Aristophanes, son of Philippos
Cast of Characters in order of appearance, with speaking parts in bold print.
Two household slaves: Sosias and Xanthias.
The Son named as Bdelykleon (‘I-loathe-Kleon’), who is master of the house.
His Father named as Philokleon (‘I-love-Kleon’).
The household’s Donkey.
The Chorus: comprised of twenty-four elderly men, who serve as jurors in the law-courts.
They are accompanied initially by some young boys; one Boy has a small speaking part.
Three other household slaves named as Midas, Phryx and Masyntias appear but do not speak.
Mr. Barker, a noisy dog who acts as a legal prosecutor.
Another dog named ‘Labes’ together with his puppies.
A set of kitchen utensils: a pot, a pestle, a grill, a cheese-grater, a bowl.
An aged slave named Kroisos.
A Phrygian slave-girl: who plays the pipes at soirees.
A female bread-seller named Myrtia, accompanied by Chairephon a well-known intellectual.
An Angry Man acting as spokesman for a crowd of by-standers who have been assaulted.
A Man-in-the-street (leading his donkey): who has just been mugged.
Three tragic-actors: sons of Karkinos; probably played by the actors who took the parts of ‘boys’.
Their father Karkinos: a former naval commander and dramatist.
Much of the comedy turns on the contrast between the Son and the Father. The difference between
the two lies as much in their characters as in the generational gap. Anyone who remembers the BBC
Comedy series ‘Steptoe & Son’ will recognize in Aristophanes’ Father and Son the comic ancestors
of the rag-and-bone men; the impotent old man with his wheedling voice and endless guile, whose
ambitions are constantly thwarted by his son’s meddling and the upwardly-mobile son who puts on
airs but often fails to outwit his father’s wiles. There is some physical discrepancy, as old men are
diminished by age, but their sons are only sturdier, not taller. It is worth remembering too that their
clashes belie a grudging, familial affection.
The action of the play is set in mid-winter of the year 422 B.C. After nearly ten years of war, Athens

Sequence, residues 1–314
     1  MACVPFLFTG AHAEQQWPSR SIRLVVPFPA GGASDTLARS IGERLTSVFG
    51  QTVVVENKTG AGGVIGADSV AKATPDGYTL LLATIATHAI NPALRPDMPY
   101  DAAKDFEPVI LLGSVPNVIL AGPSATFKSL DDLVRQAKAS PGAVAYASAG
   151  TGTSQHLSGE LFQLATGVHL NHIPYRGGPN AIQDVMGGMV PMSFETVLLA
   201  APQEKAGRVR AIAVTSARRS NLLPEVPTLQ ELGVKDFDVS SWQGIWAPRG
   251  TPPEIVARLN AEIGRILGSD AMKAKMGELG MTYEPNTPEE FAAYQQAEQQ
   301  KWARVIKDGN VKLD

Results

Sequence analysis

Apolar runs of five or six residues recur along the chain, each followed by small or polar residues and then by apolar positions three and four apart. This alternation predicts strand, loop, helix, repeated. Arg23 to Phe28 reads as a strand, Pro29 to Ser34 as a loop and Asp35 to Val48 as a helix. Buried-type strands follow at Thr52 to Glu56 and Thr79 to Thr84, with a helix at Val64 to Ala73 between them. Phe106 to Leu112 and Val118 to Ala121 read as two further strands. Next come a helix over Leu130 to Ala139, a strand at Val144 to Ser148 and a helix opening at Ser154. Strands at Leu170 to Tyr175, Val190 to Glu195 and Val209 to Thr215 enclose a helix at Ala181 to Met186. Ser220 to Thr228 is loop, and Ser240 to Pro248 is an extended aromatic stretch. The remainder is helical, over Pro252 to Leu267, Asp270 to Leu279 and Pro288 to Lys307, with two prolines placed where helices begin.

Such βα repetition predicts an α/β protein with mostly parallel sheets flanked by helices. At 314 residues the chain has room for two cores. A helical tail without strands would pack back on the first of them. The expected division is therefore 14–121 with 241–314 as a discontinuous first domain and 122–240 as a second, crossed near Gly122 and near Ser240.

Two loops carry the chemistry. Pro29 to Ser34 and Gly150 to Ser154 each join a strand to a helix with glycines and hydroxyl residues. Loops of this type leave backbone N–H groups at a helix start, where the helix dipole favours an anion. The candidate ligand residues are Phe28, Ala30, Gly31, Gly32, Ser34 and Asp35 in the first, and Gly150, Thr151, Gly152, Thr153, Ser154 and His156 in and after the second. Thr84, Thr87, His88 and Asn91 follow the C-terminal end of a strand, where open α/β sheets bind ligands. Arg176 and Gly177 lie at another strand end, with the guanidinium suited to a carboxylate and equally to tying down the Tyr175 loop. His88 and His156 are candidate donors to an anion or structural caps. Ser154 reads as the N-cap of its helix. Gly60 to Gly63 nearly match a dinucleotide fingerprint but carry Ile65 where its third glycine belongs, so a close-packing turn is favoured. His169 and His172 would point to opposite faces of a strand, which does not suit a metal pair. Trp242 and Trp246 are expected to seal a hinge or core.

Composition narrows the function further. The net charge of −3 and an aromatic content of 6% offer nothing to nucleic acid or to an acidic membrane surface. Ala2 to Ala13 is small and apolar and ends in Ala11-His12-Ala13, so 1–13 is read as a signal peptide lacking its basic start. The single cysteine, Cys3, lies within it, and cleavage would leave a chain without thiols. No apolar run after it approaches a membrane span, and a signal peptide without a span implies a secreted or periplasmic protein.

is temporarily at peace with Sparta, though some military action still continues in Macedonia, where
the formerly-allied city of Skione in Chalkidike has revolted from Athenian hegemony and is being
besieged by Athenian forces under the command of the general Kleon, son of Kleainetos.
The paraskenion (backdrop) represents the home of an average Athenian family. On one side stands
a two-storey house roofed with tiles or slates. It has a wooden door on the ground-floor; a window
on the upper-floor is covered with netting. On the other side is a low, brick structure with a flat roof,
from which a chimney protrudes. Between the two stands a low well-head with a stone water-trough
close by it. The orchestra (stage) represents the yard in front of the house and its boundary must be
imagined to be the enclosing wall.
The play begins in the early hours, shortly before dawn. There is no moonlight to illumine the stage.
Two shadowy figures lie asleep, although we cannot make them out yet in the darkness. One sleeps
sitting upright against the door-post of the main house with an iron spit beside him propped against
the wall. An empty wine-flask lies open beside him. Across from him on the flat roof of the annexe
lies another man wrapped in a fleece-blanket.
Prologue 1-229
The slave Sosias enters carrying an iron roasting-spit over his shoulder and wearing a metal bowl
or colander on his head. These makeshift military accoutrements indicate that he is on guard-duty